According to Sign & Digital Graphics Magazine, Francis Lestingi is ‘a former physics professor who saw the light and got into the sign business’. They failed to mention, however, that sign-artistry has been a part of Francis’s life ever since he was in high school. Back in those days, he used to ‘borrow’ the hand-lettered signs from shop windows at night, to study them at home – working on his own brush technique – but always returning the signs before morning.
Maybe those memories were lingering in his mind, in 1994, when he made the decision to retire from his position as physics professor at State University College in Buffalo and travel to New England to learn traditional sign-making from Jaye Cooke, Paul White, David Calvo and Dimitrios Klitsas. From there, he went on to start his own hand-crafted sign shop with his son, Stephen. That’s how Signs of Gold came into being – now a well-respected name in the hand-carving and gilding industry.
Last month, Francis kindly took the time to tell us a little about his work:
You’ve been crafting hand-carved & gilded wood signs for almost two decades. How did you first get into it?
Back then I was getting close to completing 25 years as a college physics instructor which included extensive work in designing graphics for astronomy and for relativity. This design work was an extension of the work I had previously completed for Harvard University and the US National Science Foundation. I had also ventured into computer animation to elucidate the concepts of Einsteinian Special Relativity. I was using a primitive (pre-Apple Mac) Commodore computer with some success.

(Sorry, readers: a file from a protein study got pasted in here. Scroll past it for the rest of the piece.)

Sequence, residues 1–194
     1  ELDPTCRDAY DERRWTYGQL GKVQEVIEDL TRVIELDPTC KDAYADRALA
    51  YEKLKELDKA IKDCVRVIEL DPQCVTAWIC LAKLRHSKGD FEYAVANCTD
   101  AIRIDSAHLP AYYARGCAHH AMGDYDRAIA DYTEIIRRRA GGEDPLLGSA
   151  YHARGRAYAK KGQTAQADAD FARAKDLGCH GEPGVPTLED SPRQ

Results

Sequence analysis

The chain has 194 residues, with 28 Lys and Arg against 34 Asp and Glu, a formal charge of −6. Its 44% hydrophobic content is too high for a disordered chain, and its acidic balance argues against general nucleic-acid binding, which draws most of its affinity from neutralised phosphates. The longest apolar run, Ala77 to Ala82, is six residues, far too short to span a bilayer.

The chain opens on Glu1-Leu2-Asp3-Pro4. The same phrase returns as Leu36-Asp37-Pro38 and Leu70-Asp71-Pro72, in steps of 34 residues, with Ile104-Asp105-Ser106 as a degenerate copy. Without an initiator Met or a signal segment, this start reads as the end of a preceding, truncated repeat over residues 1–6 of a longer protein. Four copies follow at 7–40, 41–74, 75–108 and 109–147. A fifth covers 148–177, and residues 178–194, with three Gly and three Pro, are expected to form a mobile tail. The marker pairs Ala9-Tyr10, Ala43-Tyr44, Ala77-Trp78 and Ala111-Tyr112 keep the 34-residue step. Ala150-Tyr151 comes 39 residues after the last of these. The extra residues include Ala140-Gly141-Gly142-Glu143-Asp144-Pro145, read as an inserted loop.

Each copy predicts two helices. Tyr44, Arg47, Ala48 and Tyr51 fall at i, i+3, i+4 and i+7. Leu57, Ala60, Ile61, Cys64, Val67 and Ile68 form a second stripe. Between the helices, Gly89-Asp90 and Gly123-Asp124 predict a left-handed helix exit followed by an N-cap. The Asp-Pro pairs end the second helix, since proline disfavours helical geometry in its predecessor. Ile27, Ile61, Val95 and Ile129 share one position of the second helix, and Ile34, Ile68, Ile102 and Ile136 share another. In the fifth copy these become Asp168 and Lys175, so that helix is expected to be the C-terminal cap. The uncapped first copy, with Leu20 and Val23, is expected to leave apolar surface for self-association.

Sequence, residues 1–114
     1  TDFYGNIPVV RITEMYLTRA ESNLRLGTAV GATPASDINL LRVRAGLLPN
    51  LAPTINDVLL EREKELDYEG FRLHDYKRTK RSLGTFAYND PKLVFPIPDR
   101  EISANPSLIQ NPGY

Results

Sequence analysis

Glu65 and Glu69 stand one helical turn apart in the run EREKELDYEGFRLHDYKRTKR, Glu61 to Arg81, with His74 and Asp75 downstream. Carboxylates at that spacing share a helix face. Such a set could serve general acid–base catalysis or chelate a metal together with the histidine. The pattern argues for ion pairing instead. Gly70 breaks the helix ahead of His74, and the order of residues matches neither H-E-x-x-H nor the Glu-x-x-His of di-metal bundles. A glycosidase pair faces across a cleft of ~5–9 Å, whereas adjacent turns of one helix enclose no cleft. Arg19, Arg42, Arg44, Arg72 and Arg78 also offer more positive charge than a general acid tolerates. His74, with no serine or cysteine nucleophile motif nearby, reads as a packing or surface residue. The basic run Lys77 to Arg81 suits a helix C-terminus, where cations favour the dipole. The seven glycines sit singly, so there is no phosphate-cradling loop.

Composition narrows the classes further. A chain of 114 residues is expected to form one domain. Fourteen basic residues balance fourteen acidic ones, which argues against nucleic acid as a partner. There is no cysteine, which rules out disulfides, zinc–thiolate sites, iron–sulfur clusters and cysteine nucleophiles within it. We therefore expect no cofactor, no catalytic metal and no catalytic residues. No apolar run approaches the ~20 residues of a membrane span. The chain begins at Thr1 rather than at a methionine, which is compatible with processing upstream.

What I really wanted was to expand my animation work into General Relativity but needed the recently
introduced Apple computer. Computers were few and far between then, so when I requested that my
academic authorities supply me with a new Mac and the latest animation software (such as it was at the
time), the answer was no.At that point, I decided to direct my artistic talents to something completely different. I went to New
England, learned how to carve ( I had already learned gilding while I was in elementary school) and in a few months I had started Signs of Gold, Inc.
Signs of Gold started around the time when the sign industry was just starting to become more computerized. Any thoughts on how the industry has changed?
Computers, especially the Apple Mac, are miraculous machines that can enhance one’s creative and artistic endeavors. I use a MacPro Tower with Adobe Illustrator to assist me in my design work.Computers can enhance one’s creativity, but they themselves are inherently not creative. I think many members of the sign industry are using computers to such an excessive extent that the inevitable output is prosaic, uninspired, and trite.
Your signs have won numerous awards, what’s your approach to design?